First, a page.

Many visually impaired people often feel disconnected and isolated from their environment making them one of the most vulnerable groups during the Covid 19 pandemic. Blind and visually impaired people often experience high levels of anxiety when visiting public spaces. “Sensing the Past,” funded by Wessex Museums Partnerships was created to connect participants with a shared interest in an environment where they felt safe and supported.
Members of the Dorset Blind Association (DBA) were given two on line talks by Earth Scientist and Wessex Museums Partnership engagement lead Dr Anjana Khatwa and Charmouth Heritage Coast Centre (CHCC) warden and engagement lead Anna Holbrook. Two outreach visits to the groups across Dorset were undertaken with handling fossils and objects to inspire interest and participation.
Sessions at Dorset Museum and Charmouth Heritage Coast Centre
The group explored the Dorset coast through a sensory session at Dorset Museum and a visit on location to the Charmouth Heritage Coast Centre in October and November 2022. Fossil and shell casting in clay and plaster at Dorset Museum proved to be very enjoyable, participants experienced the indentation of the fossil in the clay and the setting of the plaster in the clay whilst learning about how fossils are created.
A member of the group explained “The sensory experience is really good as you can feel everything in the plaster first and in the clay you can feel where the fossil has been pushed in and where the plaster cast came out. You can feel every little line, nook and crannie and everything that has come out has been preserved in the plaster cast. It is a very moving impression as because when I had my sight before I can build a picture in my mind of what I am holding in my hand as I move my fingers over each bump.
The group handled a variety of tactile fossils including ammonites, belemnites, echinoids and gastropods, models of creatures and various scent boxes exploring the smells from various time periods such as magnolia for the first flowering plants. High contrast black images were used and accessible for some and helped to illustrate Dorset Museum’s large pliosaur “Kevani” and ancient crocodile “The Swanage snapper”. Specialist input and knowledge was also provided by staff from Charmouth Heritage Coast Centre and knowledgeable staff and volunteers at Dorset Museum. Dorset Museum’s newly redeveloped accessible spaces which include audio displays and tactile objects with braille were very much appreciated by the group.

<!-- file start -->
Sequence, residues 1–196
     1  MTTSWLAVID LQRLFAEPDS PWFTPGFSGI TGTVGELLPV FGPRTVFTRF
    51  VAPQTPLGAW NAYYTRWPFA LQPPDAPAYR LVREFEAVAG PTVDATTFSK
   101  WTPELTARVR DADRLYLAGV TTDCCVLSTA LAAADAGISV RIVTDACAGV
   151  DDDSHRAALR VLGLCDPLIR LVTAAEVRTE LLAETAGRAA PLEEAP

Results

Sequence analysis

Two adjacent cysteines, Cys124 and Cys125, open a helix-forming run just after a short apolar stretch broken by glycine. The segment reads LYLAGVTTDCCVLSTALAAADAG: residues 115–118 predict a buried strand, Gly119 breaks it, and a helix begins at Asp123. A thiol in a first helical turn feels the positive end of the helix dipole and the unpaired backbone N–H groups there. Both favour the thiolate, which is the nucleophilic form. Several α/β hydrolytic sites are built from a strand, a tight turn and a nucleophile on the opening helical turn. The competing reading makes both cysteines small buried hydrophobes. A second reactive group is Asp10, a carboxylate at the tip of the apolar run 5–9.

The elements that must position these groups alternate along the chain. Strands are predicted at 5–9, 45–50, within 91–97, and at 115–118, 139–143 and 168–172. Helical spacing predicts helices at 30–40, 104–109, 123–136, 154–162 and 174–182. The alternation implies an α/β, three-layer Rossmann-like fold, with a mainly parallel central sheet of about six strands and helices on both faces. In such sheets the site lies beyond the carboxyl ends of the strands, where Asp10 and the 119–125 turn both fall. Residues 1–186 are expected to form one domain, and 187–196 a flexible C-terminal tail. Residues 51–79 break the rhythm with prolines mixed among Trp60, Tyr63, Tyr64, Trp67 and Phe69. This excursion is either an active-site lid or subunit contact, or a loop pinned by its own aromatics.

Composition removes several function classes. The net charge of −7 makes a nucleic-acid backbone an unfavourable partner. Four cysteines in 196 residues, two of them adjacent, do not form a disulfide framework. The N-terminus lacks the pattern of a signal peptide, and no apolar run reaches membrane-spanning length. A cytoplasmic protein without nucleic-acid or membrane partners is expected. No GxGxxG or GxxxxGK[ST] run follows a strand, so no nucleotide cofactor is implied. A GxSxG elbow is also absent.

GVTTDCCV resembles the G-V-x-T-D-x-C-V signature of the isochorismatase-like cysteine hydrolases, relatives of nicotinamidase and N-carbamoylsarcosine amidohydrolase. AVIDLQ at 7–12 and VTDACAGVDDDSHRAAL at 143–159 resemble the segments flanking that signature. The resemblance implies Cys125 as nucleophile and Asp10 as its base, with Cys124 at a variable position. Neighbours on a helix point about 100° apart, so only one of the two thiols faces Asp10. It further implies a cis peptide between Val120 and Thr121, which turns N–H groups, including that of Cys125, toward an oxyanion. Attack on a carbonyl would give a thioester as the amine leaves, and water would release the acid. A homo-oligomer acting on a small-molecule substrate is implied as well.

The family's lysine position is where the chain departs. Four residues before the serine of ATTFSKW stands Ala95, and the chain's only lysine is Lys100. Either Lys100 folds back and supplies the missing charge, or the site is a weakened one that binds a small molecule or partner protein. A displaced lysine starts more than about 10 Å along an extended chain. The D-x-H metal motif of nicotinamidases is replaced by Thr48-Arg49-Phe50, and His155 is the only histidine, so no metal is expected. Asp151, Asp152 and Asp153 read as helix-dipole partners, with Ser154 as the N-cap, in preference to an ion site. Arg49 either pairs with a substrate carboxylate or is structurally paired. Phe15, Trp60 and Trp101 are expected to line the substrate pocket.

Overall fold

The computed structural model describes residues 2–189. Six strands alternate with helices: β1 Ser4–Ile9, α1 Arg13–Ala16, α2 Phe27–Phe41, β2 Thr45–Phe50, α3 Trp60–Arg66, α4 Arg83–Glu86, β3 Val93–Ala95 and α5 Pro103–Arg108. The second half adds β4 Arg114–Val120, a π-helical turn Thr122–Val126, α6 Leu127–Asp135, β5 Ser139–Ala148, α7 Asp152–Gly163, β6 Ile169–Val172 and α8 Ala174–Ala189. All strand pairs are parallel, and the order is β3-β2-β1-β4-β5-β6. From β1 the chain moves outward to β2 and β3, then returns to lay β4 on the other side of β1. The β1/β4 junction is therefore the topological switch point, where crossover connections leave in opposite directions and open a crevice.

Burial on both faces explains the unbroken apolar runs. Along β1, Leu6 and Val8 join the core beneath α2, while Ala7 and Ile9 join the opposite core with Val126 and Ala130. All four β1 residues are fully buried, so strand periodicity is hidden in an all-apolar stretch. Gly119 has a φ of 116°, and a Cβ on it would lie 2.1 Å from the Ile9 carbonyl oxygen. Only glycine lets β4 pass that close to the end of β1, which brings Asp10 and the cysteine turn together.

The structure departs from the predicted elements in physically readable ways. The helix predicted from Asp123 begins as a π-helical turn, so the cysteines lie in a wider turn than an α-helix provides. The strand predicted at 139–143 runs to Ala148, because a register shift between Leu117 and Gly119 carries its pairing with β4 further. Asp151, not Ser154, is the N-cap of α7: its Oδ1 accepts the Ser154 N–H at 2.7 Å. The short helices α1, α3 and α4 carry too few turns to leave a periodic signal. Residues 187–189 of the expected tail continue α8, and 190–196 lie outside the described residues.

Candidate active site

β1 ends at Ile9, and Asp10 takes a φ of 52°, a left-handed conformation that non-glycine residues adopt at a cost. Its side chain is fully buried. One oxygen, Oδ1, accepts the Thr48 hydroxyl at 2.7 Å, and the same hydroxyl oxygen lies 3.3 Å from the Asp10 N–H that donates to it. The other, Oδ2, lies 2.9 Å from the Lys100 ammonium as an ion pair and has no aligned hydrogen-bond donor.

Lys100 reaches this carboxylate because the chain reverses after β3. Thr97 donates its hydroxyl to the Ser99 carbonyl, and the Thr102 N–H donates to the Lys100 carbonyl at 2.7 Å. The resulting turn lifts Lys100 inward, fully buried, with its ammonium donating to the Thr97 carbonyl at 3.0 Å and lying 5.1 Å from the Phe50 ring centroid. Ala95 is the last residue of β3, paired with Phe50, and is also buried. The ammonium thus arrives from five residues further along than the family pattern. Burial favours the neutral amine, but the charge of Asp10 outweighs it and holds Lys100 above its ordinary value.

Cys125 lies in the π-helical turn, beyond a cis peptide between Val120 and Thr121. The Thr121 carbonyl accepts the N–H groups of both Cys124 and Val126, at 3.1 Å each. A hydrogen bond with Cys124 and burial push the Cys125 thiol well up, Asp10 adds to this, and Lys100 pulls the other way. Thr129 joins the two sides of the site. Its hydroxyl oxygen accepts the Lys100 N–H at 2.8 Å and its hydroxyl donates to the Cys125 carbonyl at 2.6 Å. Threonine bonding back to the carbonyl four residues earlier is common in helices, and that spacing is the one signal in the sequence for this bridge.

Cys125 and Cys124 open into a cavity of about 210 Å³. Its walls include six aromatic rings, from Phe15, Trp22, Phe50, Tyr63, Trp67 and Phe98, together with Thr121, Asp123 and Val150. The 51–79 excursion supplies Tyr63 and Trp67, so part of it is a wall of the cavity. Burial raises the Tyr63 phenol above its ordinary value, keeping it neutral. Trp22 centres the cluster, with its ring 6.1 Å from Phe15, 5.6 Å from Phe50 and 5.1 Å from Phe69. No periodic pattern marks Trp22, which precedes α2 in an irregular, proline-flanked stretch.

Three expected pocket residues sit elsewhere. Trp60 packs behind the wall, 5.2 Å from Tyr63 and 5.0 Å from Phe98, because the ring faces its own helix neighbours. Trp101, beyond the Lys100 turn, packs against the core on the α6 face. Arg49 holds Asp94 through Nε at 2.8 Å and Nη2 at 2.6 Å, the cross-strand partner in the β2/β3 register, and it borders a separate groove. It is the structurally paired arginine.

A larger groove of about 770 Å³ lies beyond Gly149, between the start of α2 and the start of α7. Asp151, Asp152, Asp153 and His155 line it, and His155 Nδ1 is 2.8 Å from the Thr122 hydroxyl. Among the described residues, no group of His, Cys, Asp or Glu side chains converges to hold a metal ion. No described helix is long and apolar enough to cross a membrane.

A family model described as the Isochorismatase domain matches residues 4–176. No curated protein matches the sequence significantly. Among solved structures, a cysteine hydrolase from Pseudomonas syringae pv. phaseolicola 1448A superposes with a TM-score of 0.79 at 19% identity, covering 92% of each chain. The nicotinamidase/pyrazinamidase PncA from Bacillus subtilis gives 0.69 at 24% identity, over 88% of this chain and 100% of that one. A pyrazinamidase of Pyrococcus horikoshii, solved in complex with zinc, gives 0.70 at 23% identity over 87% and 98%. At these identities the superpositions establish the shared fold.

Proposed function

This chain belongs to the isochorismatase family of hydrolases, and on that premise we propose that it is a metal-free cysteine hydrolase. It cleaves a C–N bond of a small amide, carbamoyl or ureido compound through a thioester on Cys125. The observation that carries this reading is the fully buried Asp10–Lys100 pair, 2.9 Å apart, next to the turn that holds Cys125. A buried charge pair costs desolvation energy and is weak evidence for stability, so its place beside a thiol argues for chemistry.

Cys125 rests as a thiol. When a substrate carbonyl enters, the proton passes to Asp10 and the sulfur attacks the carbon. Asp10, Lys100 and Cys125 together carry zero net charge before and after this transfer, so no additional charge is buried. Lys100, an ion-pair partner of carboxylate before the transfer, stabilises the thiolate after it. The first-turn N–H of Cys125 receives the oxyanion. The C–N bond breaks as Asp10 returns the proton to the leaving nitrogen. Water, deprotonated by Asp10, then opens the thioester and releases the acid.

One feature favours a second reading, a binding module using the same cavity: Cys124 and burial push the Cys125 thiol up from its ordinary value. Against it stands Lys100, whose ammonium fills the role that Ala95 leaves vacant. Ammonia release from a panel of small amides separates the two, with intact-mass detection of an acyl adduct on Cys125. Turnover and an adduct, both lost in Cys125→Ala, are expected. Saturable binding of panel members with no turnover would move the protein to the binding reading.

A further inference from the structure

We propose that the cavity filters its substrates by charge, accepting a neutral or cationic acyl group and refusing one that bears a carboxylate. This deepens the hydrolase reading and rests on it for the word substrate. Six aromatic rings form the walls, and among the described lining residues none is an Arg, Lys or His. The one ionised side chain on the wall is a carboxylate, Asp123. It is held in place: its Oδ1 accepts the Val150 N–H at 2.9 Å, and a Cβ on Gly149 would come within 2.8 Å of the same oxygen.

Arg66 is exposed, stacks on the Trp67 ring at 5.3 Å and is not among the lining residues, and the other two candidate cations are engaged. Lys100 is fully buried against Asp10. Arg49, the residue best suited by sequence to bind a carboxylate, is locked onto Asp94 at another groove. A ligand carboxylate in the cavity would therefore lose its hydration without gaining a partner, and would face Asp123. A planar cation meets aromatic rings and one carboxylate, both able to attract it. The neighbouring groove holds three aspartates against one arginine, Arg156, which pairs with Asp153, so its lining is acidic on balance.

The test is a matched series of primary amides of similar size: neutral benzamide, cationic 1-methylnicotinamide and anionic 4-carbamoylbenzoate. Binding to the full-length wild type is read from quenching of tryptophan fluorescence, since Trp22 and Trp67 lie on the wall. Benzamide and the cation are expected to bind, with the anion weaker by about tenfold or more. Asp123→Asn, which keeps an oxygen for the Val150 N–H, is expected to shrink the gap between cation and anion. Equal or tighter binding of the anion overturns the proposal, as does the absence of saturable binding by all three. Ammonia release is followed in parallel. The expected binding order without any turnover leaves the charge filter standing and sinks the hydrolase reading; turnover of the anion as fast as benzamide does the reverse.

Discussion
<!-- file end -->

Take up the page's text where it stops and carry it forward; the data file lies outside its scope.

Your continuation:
The visit to Charmouth Heritage Coast Centre encouraged participants to put everything into context from previous sessions. Due to the weather and carefully considered safety factors at Charmouth, the group hunted for fossils in trays of shingle and gravel collected from the coast earlier at the CHCC. Group participants really enjoyed this activity and proved to be very successful.
One DBA group member said “I can feel the shapes so I know roughly what the difference between a fossil and a stone is. Because I have some vision, I can see certain fossils if they are bigger, I can see certain shapes. Touch is a big thing – I have found an ichthyosaur vertebrae, some ammonites and belemnites, you can feel the ridges of the ammonite. It is important to touch as if you are completely blind – other people with worse vision, touch would be a major factor for finding fossils.”
There was a wonderful variety of Charmouth sea weeds in tubs another effective sensory experience for visually impaired people due to the tactile nature of each species and the huge variety of shapes and forms. Participants were treated to many handling objects and incredible ichthyosaurs, where details of their large eyes could be felt as well as other large fossils including the Charmouth scelidosaurus to touch and engage with in addition to the David Attenborough sea dragon. The centre had been closed off to the public so the group had complete access to the space and an accessible ramp and facilities.